The mechanism by which 2,4-DCP causes death is uncertain, but this and other chlorinated phenols are known to uncouple oxidative phosphorylation (6). Most production of adenosine triphosphate, the carrier of free energy in cells, occurs through oxidative phosphorylation. Uncoupling oxidative phosphorylation at the mitochondrial level leads to profound disturbance of energy production and may have caused the rapid deaths described in this report. A characteristic sequence of signs in animals given lethal doses of solid 2,4-DCP is consistent with the clinical progression noted in these cases and includes tremors, muscle weakness, loss of coordination, clonic convulsions, dyspnea, coma, and respiratory arrest (4). Although three of the decedents in this report also were exposed to steam, the reported symptoms and autopsy findings suggest that steam exposure did not play a substantial role in these deaths. Finally, postmortem drug screens were negative in all five cases, which excludes interaction with a drug or medication as a potential explanation for the deaths.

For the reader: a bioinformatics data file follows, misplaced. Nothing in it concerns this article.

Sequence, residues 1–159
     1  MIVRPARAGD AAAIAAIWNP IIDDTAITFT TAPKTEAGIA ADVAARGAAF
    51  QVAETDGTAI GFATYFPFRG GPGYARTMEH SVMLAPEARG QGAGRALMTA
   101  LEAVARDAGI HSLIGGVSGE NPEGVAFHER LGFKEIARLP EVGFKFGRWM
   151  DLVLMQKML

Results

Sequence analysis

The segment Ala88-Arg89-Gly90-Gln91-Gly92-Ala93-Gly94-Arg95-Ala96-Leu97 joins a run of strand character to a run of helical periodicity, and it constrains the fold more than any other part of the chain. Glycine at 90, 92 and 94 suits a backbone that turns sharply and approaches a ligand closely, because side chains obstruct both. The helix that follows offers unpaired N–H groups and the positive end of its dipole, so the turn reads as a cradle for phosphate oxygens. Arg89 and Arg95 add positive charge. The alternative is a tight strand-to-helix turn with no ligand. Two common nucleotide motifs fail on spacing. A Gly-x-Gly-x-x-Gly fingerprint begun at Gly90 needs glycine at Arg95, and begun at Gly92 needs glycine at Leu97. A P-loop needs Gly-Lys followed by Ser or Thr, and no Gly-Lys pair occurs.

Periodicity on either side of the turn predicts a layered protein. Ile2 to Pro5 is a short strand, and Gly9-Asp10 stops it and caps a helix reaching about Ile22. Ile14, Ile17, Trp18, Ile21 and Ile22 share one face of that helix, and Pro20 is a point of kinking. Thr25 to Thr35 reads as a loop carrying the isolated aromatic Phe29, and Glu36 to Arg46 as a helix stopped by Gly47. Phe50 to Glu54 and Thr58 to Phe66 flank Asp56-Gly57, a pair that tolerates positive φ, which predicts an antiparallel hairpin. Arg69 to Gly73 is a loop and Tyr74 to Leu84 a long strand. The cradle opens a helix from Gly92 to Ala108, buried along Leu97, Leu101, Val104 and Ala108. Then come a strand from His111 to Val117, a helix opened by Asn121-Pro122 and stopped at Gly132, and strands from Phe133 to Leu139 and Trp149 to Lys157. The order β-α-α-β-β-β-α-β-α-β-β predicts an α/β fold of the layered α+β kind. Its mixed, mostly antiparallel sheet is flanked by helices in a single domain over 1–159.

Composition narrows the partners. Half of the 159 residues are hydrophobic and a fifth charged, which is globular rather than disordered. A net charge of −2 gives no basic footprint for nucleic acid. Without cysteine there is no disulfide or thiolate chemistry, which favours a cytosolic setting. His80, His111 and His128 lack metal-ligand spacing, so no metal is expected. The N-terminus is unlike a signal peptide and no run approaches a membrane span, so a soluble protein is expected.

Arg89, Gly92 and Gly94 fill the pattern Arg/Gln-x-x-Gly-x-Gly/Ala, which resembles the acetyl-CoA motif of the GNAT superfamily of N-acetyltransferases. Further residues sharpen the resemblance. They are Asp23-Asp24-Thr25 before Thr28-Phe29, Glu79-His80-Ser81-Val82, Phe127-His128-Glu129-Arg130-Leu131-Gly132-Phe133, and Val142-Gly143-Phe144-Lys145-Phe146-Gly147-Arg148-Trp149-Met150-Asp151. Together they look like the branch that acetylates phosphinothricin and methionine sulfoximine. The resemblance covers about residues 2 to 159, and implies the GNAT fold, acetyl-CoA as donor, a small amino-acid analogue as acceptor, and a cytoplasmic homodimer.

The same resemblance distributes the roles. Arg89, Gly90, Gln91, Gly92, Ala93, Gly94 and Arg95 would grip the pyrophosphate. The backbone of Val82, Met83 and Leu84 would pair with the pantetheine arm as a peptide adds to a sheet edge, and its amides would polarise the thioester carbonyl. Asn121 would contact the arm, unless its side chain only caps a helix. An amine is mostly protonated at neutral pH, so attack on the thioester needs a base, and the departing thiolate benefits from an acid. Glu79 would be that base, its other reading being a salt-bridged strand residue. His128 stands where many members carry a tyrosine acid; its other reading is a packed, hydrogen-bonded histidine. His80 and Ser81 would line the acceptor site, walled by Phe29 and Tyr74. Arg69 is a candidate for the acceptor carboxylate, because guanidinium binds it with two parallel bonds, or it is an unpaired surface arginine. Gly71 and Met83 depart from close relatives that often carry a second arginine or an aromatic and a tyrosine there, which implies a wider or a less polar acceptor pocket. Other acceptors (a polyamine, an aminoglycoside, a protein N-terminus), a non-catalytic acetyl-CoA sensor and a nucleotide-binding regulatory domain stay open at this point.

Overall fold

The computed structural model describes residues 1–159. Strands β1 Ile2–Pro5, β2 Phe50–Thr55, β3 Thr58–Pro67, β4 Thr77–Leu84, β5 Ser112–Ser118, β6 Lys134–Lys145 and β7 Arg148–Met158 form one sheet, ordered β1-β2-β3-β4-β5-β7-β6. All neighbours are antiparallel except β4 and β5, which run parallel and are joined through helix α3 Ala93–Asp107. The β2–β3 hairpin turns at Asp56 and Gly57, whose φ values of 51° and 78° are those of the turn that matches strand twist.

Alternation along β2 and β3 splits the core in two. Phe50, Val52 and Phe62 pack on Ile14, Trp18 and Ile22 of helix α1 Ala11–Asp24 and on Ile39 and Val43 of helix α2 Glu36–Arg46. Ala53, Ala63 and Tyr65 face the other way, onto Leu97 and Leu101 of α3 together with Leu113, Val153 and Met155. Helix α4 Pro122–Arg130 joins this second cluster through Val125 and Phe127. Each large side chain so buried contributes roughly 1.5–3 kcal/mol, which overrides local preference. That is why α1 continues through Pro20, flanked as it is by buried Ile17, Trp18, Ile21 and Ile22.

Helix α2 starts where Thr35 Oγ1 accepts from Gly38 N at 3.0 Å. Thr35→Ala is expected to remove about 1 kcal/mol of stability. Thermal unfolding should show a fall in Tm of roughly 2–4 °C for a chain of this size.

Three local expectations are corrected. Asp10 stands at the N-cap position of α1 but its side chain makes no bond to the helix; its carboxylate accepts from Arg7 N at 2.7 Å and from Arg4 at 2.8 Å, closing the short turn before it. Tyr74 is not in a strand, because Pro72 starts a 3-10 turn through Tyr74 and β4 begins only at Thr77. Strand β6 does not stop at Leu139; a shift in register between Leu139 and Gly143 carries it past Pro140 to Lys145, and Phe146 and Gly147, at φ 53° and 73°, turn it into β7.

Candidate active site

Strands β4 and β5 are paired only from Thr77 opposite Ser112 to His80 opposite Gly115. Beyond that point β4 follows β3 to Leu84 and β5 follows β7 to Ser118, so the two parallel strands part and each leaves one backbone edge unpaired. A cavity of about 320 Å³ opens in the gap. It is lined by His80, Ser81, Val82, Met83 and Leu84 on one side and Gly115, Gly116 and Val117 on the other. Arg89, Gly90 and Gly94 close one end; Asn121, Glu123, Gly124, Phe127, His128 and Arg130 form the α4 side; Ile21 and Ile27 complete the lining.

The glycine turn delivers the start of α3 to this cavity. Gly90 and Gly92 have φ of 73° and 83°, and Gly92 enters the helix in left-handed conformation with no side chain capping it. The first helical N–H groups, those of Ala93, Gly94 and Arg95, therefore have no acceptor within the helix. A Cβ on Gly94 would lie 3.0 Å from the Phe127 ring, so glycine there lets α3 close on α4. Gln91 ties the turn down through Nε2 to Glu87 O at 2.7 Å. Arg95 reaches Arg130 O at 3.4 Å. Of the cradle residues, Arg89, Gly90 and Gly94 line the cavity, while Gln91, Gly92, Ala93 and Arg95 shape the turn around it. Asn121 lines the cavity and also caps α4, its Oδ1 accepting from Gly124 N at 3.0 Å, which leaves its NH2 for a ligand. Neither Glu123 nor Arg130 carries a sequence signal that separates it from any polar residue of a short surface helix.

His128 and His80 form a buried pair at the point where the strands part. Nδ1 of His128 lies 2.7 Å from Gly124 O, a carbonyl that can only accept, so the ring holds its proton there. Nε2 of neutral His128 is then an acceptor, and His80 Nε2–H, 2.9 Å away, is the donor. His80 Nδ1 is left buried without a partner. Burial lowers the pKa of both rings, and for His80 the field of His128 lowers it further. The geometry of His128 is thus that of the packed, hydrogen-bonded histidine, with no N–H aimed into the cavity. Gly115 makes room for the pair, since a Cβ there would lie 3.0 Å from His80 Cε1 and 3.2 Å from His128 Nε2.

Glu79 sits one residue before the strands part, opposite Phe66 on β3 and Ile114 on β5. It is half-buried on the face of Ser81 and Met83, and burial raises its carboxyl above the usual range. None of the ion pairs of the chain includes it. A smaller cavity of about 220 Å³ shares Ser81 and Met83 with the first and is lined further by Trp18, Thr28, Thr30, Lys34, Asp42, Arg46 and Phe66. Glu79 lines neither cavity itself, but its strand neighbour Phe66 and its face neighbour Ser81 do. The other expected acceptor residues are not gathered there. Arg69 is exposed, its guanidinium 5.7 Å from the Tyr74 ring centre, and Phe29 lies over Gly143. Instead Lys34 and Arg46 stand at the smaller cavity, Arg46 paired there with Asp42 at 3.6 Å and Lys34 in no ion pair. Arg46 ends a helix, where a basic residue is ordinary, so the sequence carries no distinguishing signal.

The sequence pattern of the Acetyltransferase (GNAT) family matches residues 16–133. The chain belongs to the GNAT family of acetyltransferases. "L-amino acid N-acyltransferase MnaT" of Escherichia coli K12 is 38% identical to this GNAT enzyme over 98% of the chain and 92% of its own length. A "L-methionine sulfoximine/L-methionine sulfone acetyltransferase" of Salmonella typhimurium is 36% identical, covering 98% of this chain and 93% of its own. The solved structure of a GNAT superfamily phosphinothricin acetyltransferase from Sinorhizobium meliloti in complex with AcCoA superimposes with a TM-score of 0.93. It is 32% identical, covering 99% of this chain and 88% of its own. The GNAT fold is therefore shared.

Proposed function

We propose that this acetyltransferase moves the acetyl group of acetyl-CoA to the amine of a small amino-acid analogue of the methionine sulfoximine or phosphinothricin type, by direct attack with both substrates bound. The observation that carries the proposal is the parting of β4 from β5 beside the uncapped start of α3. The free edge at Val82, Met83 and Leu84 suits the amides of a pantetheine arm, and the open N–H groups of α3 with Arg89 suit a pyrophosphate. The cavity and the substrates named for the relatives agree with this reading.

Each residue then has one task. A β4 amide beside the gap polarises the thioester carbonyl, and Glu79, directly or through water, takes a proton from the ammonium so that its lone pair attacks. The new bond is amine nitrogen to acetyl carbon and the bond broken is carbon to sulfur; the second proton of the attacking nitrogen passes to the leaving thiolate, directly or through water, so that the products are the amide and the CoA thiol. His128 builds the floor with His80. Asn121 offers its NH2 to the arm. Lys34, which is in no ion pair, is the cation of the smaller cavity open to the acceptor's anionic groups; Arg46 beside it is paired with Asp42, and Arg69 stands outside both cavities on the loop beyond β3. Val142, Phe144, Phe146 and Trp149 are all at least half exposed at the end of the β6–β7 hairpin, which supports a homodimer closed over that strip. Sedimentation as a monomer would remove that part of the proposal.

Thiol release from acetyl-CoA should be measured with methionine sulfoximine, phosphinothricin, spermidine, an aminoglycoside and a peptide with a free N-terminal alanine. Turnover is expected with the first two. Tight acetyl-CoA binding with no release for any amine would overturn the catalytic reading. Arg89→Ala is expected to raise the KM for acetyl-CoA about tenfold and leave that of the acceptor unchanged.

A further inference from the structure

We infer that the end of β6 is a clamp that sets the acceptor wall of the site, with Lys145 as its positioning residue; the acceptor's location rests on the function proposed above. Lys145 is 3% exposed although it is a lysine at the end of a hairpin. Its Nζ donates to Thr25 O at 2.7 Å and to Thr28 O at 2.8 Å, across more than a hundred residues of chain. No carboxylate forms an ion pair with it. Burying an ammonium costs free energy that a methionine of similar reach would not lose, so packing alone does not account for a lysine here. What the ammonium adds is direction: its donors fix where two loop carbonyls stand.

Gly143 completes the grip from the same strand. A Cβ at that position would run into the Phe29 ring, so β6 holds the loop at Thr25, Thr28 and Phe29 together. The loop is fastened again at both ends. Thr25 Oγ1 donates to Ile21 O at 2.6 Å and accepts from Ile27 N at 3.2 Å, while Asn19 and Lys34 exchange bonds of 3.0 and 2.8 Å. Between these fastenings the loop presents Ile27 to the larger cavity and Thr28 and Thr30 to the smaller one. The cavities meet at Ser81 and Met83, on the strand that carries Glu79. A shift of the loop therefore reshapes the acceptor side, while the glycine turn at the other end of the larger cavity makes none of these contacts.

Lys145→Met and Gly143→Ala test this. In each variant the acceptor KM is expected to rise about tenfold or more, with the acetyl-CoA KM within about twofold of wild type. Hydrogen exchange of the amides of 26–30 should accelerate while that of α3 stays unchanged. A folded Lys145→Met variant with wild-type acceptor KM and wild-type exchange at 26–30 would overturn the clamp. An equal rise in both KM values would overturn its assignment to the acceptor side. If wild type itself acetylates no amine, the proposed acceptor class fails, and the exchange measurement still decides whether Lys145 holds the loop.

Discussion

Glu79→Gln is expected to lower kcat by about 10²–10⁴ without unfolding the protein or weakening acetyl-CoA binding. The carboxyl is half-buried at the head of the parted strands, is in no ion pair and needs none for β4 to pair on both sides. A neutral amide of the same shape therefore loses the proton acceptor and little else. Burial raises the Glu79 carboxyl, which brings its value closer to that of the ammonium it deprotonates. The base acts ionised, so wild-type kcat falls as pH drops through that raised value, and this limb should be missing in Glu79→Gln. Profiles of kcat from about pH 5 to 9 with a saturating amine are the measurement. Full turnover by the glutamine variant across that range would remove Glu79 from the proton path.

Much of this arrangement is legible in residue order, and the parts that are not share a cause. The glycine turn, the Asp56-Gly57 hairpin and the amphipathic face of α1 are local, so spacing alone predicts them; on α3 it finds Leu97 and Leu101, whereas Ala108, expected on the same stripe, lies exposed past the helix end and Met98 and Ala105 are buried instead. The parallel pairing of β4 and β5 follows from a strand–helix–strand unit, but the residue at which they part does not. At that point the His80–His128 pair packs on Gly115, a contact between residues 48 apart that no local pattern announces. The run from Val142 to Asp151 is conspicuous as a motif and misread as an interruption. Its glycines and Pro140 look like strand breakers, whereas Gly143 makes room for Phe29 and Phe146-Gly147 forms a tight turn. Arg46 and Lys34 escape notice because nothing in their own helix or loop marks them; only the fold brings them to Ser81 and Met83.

Potentially exposed workers, their supervisors, and health and safety staff should be aware of the hazards associated with exposure to 2,4-DCP, especially when the chemical is in the liquid state. In an April 1999 letter and a February 2000 chemical advisory (7), EPA and OSHA notified facilities believed to use 2,4-DCP of these fatalities and provided recommendations to prevent additional morbidity and mortality. Standard safe work procedures should be developed and disseminated to workers involved in tasks having potential 2,4-DCP exposure. Engineering controls and source reduction methods should be adopted to eliminate the potential for exposure. Detailed recommendations for appropriate protective clothing for dermal protection and respirators for inhalation protection were specified in the EPA/OSHA chemical advisory (7). Health and safety staff decontaminating exposed workers should wear appropriate personal protective equipment and should participate in drills to ensure proficiency while wearing this gear.